Caroline: Hello Ishmael. My name is Caroline and I am going to be interviewing you. Thank you for coming today.

Ishmael: Thank you for having me.

Caroline: Okay, let's get started. What characteristics do you think a hero should have?

Ishmael: I think a hero can have many different characteristics, but some specific ones would be bravery, honesty, trustworthy, and caring.

Caroline: Is it important to have a hero?

Ishmael: Oh, I think it's extremely important to have a hero. Having a hero gives you somebody to look up to and want to be.

Caroline: Who is your hero?

Ishmael: I would have to say my hero is Esther. She helped me so much with forgiving myself and becoming a kid again. As soon as we met, she immediately welcomed me with open arms and cared about what happened in my past. Also, she didn't force me into telling her, but instead made me feel comfortable and like I could trust her.

Caroline: Would you say that you have characteristics to be somebody else's hero?

Ishmael: Umm, I would say yes and no. Yes because I think I am a very trustworthy person and care about other people. I truly believe with my experience, I would try to break down someone's wall just like Esther did to me.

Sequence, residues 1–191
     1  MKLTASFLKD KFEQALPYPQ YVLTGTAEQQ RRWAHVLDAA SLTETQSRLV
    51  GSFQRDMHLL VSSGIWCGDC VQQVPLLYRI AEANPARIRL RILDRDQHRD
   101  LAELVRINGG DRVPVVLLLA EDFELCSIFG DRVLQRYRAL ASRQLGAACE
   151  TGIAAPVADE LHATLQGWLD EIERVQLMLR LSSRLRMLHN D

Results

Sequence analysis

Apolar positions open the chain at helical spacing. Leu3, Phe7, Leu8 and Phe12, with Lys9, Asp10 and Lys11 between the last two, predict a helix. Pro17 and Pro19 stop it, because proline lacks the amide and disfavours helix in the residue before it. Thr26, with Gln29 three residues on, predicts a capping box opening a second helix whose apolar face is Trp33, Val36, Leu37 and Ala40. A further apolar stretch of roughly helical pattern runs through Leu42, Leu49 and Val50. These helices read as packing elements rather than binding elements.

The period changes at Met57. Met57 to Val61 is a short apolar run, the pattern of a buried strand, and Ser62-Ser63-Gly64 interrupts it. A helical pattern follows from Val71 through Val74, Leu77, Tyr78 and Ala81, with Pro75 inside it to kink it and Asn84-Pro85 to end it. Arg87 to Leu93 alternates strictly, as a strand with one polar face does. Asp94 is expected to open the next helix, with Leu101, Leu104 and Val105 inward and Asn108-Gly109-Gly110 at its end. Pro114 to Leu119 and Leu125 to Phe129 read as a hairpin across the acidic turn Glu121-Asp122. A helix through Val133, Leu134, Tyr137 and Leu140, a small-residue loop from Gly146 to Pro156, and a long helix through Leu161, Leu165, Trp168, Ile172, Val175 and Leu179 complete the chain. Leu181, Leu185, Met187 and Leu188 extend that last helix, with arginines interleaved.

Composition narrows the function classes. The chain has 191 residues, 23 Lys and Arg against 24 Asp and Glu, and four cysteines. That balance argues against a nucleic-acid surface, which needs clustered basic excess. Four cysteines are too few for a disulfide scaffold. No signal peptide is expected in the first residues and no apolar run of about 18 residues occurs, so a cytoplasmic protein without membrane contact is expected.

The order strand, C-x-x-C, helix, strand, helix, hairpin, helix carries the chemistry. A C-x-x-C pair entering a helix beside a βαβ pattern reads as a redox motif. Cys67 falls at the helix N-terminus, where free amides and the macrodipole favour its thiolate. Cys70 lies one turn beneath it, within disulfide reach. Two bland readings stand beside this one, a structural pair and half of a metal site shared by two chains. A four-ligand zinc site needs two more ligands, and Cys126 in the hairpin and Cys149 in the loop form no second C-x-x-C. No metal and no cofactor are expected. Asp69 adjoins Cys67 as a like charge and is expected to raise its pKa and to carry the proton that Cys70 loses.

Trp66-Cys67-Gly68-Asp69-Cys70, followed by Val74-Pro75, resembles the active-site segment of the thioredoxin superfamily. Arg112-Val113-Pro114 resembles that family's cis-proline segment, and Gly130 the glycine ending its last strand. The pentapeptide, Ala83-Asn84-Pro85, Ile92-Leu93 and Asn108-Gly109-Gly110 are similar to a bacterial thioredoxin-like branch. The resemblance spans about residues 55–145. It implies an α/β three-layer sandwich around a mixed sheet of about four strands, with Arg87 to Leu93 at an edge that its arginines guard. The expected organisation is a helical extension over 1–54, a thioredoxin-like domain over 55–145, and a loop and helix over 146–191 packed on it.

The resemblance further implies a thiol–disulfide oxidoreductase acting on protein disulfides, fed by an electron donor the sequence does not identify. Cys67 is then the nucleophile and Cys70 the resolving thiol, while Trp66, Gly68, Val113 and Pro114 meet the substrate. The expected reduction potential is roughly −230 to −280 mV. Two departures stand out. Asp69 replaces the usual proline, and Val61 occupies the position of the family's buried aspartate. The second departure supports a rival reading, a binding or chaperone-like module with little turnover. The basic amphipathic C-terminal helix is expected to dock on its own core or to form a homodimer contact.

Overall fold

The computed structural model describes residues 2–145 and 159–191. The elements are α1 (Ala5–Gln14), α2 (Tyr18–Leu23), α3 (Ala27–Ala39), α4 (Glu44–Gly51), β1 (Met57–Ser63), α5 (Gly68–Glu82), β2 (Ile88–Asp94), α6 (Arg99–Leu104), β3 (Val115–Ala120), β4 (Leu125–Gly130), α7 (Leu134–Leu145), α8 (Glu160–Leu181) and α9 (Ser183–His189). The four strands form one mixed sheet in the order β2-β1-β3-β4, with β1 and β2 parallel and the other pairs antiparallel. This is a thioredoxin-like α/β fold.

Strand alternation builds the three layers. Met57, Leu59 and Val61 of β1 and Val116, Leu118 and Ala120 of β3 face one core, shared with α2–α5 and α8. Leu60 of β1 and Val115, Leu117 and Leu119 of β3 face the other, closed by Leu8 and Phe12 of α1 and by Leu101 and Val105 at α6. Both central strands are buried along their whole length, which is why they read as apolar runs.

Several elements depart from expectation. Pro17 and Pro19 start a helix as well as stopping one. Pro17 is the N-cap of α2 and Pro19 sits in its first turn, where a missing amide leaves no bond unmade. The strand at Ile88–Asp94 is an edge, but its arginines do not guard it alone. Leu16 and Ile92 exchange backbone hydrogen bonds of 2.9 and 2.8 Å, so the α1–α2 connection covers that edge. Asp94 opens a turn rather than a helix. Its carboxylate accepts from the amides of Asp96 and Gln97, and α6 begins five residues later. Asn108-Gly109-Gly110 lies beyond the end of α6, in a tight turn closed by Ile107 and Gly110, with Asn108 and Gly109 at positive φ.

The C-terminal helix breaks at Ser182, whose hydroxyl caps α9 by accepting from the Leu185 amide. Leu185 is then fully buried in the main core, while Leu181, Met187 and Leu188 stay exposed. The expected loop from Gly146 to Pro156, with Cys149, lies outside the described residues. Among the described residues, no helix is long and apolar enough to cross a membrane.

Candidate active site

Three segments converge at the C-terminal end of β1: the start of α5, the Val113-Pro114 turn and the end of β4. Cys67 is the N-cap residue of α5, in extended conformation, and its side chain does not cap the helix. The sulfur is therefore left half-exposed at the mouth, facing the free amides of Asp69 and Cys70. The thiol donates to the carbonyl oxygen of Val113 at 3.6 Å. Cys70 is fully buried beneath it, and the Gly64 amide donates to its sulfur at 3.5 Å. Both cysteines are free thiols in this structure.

Caroline: You said yes and no to having characteristics of a hero. Why would you say no?

Ishmael: I said no because of the horrible things I have done. Don't get me wrong, I've forgiven myself of the things I did, but I wouldn't want anyone else to have to go through what I did and be like I use to when I was in the army.

Caroline: Before you met Esther and were in the army, who was your hero then?

Ishmael: Honestly, I would have to say my lieutenant was my hero. He was strong and brave and I admired that. I wanted to like him so bad and couldn't wait until the day when I got to have my own army.

Caroline: In your book you talk about having a squad, do you think they looked up to you as you did to your lieutenant?

Ishmael: I hope they looked up to me and they think I showed them bravery and strength, but I hope I didn't teach them how to take the life of another person like the lieutenant did to me.

Caroline: How did you show bravery and strength to your squad and lieutenant?